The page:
A lot of times, we ask ourselves questions that undermine our confidence in our ability to do the things we know we need to do.
Some undermining questions include:
- Is this going to work?
- Why can’t I figure this out?
- What’s wrong with me?
- Why does it seem easier for everyone else?
- How do I get this person/these people to think/do xyz?
The problem with the above questions is that they place you in a victim or scarcity mindset instead of giving you a sense of control and empowering you to take responsibility.
You know a question is undermining if it meets the following criteria:
1. It makes you feel bad.
Although empowering questions can be challenging, they won’t make you feel like crap about yourself. An undermining question makes you find fault with yourself, others, or your situation. An empowering question prompts you to focus on patterns that are causing or contributing to your challenges, and it also helps you find a solution.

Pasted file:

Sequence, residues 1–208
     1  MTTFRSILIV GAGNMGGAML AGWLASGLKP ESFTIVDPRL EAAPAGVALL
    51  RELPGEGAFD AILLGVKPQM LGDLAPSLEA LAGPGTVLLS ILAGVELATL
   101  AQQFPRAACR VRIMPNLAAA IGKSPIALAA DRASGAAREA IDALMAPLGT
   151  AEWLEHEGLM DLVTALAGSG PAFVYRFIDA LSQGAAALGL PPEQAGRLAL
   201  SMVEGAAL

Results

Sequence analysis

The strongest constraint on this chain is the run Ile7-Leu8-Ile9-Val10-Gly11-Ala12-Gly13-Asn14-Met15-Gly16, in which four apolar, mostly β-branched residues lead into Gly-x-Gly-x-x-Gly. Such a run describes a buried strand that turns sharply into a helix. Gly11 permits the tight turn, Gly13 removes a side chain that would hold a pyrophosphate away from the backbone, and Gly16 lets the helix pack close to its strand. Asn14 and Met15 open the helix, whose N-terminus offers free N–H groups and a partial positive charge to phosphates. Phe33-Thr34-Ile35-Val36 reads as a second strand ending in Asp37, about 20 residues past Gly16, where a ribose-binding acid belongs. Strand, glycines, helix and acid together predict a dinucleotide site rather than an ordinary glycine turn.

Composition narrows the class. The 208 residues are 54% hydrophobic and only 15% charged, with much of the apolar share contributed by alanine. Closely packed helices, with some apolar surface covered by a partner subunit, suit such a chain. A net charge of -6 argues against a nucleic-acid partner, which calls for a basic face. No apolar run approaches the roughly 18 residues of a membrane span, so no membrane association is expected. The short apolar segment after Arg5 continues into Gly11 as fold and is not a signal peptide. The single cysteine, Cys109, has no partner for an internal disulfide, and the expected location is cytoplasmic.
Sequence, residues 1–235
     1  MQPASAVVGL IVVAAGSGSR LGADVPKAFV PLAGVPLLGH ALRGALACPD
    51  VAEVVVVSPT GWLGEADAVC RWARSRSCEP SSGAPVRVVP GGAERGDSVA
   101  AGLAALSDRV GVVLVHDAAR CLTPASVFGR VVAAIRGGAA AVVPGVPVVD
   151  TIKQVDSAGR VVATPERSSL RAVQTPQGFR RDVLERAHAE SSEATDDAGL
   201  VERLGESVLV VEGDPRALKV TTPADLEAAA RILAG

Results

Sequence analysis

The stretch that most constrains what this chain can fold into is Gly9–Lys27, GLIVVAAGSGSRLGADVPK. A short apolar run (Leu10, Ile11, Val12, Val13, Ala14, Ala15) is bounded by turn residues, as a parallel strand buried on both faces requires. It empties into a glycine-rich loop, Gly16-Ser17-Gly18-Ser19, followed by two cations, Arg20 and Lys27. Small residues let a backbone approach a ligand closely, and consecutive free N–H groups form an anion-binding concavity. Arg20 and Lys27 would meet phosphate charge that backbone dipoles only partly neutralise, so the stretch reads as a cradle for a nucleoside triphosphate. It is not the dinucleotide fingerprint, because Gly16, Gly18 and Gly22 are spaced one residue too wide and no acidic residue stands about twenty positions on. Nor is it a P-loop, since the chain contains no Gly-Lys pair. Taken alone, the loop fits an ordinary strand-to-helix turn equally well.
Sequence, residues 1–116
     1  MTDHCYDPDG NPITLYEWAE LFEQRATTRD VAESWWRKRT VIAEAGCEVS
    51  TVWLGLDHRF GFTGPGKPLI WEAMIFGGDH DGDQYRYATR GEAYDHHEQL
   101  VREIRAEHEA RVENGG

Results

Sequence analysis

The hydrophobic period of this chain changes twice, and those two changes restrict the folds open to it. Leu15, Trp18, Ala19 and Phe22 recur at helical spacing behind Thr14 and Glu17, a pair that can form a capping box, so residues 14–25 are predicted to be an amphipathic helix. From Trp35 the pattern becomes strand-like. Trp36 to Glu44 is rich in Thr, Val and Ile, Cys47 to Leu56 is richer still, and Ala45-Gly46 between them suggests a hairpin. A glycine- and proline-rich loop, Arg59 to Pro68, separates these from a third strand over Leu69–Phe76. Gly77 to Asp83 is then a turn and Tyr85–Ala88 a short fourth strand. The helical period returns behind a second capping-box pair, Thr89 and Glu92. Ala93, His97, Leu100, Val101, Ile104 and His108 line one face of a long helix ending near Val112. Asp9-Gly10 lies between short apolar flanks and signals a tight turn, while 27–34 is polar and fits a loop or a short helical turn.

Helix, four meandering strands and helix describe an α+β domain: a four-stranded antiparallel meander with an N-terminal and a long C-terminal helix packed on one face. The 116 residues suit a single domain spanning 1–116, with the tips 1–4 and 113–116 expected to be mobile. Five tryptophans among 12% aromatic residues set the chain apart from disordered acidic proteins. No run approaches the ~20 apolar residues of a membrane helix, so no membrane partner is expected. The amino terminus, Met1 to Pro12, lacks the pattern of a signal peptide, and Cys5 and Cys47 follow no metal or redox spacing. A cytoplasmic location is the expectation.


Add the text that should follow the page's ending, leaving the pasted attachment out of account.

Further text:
One way to convert an undermining question is to flip it to the opposite.
For example, change “What is wrong with me?” to “What is right with me?” or “What behavior can I improve?” This helps you focus on your strengths, what’s working, and how you can learn and grow.
2. You can answer it simply “yes” or “no.”
This might seem counterintuitive, because we ask ourselves questions to find clarity, and what can be clearer than “yes” or “no”? But the reason you are asking the question in the first place is because there’s more to it than that.
Often we just want a quick answer because it feels uncomfortable being in uncertainty. But there’s something more to explore, and there is greater power in a deeper answer.
Another way you can convert an undermining question to an empowering one is to change it to something that requires a thoughtful answer.
For example, like the undermining question I was asking myself about my tiny house community, change “Is this going to work?” to “How is this going to work?” By changing the question, you are presupposing that it will work—you simply need to figure out how.
3. It defers the power to someone else rather than yourself.